Wired magazine sat down with director J.J. Abrams to talk about the challenges of directing a Star Wars movie, what are the connections with Rian Johnson’s Episode VIII, John Williams, the new cast and much more…
Excerpts from Wired:
Wired: How are you feeling? It seems like only yesterday you were announced as the director of Episode VII.
J.J. Abrams: Good! It’s a crazy thing, right? I can’t wait for people to see the movie. We’ve been baking this cake for a long time, and now it’s time to serve it.
Wired: How much of The Force Awakens is geared toward welcoming people back to the Star Wars franchise versus starting something completely new? How do you strike a balance between those two imperatives?
J.J. Abrams: We wanted to tell a story that had its own self-contained beginning, middle, and end but at the same time, like A New Hope, implied a history that preceded it and also hinted at a future to follow. When Star Wars first came out, it was a film that both allowed the audience to understand a new story but also to infer all sorts of exciting things that might be. In that first movie, Luke wasn’t necessarily the son of Vader, he wasn’t necessarily the brother of Leia, but it was all possible. The Force Awakens has this incredible advantage, not just of a passionate fan base but also of a backstory that is familiar to a lot of people. We’ve been able to use what came before in a very organic way, because we didn’t have to reboot anything. We didn’t have to come up with a backstory that would make sense; it’s all there. But these new characters, which Force is very much about, find themselves in new situations—so even if you don’t know anything about Star Wars, you’re right there with them. If you are a fan of Star Wars, what they experience will have added meaning.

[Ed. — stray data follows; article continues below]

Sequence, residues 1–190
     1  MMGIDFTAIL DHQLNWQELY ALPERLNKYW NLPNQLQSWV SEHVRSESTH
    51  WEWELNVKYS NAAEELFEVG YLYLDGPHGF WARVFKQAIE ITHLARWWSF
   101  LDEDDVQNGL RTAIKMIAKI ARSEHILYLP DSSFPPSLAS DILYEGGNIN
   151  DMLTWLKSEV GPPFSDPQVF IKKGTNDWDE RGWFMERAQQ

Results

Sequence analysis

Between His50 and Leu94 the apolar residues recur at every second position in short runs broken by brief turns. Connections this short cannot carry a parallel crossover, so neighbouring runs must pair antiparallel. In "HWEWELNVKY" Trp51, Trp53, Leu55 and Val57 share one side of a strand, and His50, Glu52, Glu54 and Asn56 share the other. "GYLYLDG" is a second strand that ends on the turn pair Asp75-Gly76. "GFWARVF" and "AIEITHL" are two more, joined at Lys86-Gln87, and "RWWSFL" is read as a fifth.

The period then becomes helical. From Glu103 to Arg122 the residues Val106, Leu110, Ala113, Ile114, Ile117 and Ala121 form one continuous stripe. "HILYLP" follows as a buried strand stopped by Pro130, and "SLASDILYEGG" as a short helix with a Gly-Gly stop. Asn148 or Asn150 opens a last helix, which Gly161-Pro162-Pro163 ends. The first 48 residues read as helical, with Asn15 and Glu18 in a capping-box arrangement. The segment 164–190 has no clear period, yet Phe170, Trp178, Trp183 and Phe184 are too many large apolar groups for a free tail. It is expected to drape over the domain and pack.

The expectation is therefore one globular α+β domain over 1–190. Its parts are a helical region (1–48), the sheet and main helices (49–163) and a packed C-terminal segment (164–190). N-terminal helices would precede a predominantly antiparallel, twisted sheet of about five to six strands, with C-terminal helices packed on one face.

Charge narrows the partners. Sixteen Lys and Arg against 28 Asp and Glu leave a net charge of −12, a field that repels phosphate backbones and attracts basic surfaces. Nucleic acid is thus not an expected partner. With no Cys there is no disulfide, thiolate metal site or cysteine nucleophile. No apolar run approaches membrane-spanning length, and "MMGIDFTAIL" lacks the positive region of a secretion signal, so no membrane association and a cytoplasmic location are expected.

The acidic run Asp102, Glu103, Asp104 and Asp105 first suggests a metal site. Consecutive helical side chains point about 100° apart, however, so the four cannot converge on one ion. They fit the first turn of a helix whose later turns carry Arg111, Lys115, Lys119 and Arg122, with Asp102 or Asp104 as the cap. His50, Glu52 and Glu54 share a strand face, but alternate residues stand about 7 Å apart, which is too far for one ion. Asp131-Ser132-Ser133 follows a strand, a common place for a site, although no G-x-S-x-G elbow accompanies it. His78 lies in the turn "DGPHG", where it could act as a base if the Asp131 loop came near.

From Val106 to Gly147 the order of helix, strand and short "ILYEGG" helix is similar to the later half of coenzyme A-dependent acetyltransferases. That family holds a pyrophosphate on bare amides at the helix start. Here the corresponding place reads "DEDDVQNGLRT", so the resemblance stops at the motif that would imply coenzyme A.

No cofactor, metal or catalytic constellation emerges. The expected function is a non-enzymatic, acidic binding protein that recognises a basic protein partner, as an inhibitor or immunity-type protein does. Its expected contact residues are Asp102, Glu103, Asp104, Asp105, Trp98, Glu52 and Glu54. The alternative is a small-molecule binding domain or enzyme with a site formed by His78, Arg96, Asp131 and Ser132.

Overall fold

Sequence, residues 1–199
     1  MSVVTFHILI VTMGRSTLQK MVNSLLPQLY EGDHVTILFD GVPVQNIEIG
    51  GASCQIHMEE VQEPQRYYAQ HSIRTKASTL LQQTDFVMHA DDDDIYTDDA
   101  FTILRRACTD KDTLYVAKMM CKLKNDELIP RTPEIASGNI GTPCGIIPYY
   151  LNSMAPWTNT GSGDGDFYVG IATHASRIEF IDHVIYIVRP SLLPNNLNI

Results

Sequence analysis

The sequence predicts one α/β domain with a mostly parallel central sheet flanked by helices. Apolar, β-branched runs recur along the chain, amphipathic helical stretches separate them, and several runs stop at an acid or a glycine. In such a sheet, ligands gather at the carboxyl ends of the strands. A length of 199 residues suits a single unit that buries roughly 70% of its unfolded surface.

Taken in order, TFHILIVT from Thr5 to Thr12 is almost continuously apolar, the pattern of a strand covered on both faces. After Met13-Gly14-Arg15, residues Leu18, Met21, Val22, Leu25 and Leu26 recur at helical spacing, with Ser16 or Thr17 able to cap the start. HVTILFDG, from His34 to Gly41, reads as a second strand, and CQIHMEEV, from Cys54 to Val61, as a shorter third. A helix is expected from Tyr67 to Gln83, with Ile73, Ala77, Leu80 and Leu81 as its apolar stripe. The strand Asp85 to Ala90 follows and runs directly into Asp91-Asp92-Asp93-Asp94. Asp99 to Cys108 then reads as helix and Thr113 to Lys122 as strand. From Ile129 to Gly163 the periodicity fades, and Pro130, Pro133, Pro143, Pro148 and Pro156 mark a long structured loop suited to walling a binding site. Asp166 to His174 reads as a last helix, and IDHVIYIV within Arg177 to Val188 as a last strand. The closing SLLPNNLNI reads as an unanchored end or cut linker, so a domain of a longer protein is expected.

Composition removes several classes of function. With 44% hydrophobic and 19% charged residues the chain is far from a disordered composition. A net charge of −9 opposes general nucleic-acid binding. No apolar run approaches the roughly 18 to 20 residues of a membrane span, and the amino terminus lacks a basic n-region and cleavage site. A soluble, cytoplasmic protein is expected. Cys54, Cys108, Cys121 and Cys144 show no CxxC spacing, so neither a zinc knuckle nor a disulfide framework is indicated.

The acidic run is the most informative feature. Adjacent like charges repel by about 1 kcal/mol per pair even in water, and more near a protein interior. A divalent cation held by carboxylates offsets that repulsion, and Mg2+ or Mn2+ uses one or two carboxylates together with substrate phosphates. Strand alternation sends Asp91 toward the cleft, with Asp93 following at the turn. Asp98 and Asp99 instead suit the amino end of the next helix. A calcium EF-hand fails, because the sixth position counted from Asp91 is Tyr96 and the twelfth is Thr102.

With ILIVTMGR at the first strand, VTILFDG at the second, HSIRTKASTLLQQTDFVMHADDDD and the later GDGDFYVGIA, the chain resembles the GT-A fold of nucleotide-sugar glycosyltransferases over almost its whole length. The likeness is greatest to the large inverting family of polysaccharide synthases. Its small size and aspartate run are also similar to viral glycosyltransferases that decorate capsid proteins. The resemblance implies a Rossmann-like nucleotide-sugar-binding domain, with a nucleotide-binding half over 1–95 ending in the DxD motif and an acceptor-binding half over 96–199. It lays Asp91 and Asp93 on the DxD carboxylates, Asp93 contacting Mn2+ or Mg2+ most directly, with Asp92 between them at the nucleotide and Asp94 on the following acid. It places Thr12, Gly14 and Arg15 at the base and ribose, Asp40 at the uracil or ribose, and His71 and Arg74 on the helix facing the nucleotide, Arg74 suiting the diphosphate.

Wired: You mapped out the story with Lawrence Kasdan, who cowrote The Empire Strikes Back and Return of the Jedi. He said recently that his own life experiences—and the span of time not working on Star Wars—readied him to work on this film. Were there moments from your life or your own work from which you drew inspiration?
J.J. Abrams: I tried to not forget the mistakes I’d made, but I also tried to focus on things that I find inspiring about cinema. I asked questions like “How do we make this movie delightful?” That was really the only requirement Larry and I imposed on each other: The movie needed to be delightful. It was not about explaining everything away, not about introducing a certain number of toys for a corporation, not about trying to appease anyone. This has only ever been about what gets us excited.